The Tribune Democrat, Johnstown, PA

Editorials

April 4, 2014

Money for nothing? Pa. lawmakers need to document expenses

JOHNSTOWN — The movement to turn our state Legislature into part-time status may have picked up some unintentional support.

A report by CNHI State Reporter John Finnerty for last Saturday’s editions took a look at the $2 million in undocumented expenses submitted by our lawmakers. Some of our leaders accepted set, per diem reimbursements for five days of work when, in fact, they were only in session for three of those days. Other lawmakers pocketed travel expense payments for meetings held statewide that they attended throughout the year.

The money grab apparently stuck in the craw of state Sen. Randy Vulakovich, R-Allegheny, who wrote legislation that would make it mandatory for politicians to show their receipts before they could recoup their travel costs.

“There have been too many media reports questioning the integrity of the state’s unvouchered, per-diem system of reimbursement,” Vulakovich said. “It’s time we end this practice and make the system more accountable.”

Hear, hear.

But not so fast, said Rep. Mark Longietti, D-Mercer.

Longietti, vice chairman of the House Democratic Policy Committee, said he attends hearings on policy issues that are held at various locations across the state.

“That’s how I do the job,” Longietti said. “My constituents want their voices heard. I’m at the table.”

Last year, for example, Longietti said he was traveling between 150 and 200 days. He submitted unvouchered expenses totaling $28,039. And that was on top of his $82,012 yearly base pay.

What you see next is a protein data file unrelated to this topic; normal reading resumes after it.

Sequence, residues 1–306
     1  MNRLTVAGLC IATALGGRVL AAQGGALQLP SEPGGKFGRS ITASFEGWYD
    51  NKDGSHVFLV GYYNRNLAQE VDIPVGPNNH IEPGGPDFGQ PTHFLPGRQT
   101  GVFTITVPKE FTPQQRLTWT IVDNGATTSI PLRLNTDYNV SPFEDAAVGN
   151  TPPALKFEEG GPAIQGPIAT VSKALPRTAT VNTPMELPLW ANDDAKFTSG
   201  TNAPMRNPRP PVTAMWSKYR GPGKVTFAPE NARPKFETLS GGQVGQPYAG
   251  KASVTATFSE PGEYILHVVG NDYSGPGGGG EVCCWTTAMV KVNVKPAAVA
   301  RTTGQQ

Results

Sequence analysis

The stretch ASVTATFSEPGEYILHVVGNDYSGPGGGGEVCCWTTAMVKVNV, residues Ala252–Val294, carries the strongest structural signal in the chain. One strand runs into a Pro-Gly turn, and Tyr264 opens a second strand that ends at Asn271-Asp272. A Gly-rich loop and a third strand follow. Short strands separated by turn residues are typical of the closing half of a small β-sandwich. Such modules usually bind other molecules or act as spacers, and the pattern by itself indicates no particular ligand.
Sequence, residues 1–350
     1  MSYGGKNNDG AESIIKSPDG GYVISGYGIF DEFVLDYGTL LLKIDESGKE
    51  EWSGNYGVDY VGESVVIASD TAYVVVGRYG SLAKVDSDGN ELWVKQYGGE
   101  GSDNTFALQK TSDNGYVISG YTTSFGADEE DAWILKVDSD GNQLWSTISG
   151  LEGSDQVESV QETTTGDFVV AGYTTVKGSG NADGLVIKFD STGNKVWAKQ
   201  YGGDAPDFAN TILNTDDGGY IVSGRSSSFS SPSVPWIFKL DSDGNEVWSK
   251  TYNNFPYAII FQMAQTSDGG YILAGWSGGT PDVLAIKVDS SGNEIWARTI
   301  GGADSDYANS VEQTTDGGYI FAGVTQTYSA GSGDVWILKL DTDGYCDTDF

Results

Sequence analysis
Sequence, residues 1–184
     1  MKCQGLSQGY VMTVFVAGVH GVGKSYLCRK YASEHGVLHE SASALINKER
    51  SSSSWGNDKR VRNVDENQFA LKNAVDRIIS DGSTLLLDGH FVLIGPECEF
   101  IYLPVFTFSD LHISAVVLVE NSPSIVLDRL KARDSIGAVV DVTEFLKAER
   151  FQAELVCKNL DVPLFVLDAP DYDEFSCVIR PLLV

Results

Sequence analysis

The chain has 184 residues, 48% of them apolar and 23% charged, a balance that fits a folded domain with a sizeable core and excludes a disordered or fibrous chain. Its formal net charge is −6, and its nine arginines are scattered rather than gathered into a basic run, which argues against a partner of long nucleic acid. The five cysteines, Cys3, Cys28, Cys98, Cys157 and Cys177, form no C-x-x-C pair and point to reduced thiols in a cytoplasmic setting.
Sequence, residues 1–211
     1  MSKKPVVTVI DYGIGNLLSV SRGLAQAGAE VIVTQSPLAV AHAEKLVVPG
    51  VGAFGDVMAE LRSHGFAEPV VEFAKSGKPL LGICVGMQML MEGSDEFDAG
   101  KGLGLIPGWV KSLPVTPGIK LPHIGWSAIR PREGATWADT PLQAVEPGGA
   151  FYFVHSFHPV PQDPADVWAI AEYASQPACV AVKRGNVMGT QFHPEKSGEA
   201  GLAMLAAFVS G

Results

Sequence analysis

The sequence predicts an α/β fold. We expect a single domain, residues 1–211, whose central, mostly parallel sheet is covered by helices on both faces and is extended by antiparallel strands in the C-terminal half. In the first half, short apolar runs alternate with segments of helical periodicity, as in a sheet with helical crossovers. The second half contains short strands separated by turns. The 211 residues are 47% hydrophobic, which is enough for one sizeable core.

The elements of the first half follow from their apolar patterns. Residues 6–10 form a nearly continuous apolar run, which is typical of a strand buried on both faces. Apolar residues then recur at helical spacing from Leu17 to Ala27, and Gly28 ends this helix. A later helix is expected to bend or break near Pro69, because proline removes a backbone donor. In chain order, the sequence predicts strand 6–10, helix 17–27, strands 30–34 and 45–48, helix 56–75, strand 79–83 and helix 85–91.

Of Pennsylvania’s 203 state representatives, just 42 submitted vouchers for expenses and only 11 did not claim any travel costs at all. In the other chamber, only 20 senators provided receipts for their expenses and just one did not ask for any reimbursement.

Our local representatives were not shy in seeking undocumented expense reimbursements. Rep. Frank Burns, D-East Taylor Township, submitted expense claims totaling $20,615 for 2013. Rep. Bryan  Barbin, D-Johnstown, claimed $12,680, and Gary Haluska, D-Patton, claimed $9,898. State Sen. John Wozniak, D-Westmont, submitted claims for $12,798 in unvouchered expenses.

Eric Epstein, coordinator of Rock the Capital, an activist group, said the public believes that state government should require proper documentation for expense payments, much the same way that businesses operate.

“Nobody gets reimbursed if they don’t get documentation,” Epstein said.

What business would reimburse any of its employees for expenses incurred without the employee first providing a receipt documenting the expense? It’s unfathomable to us that lawmakers can conceivably pull a number out of thin air and say, “This is what I spent on travel and lodging.”

Pennsylvania’s lawmakers have the second-highest pay in the nation, according to the National Conference of State Legislatures. However, members of the House were in session for only 81 days last year, working six more days than did members in the Senate, Finnerty reported.

And the state assembly has the third-highest reimbursement rate for undocumented meal and lodging expenses in the nation.

Is it any wonder that lawmakers are loathed by many residents?

We believe it’s time to derail the gravy train. In our opinion, being at your desk for only 81 working days a year amounts to part-time employment.

It’s time our leaders wake up and listen to their constituents. The noise for a part-time Legislature is growing louder.

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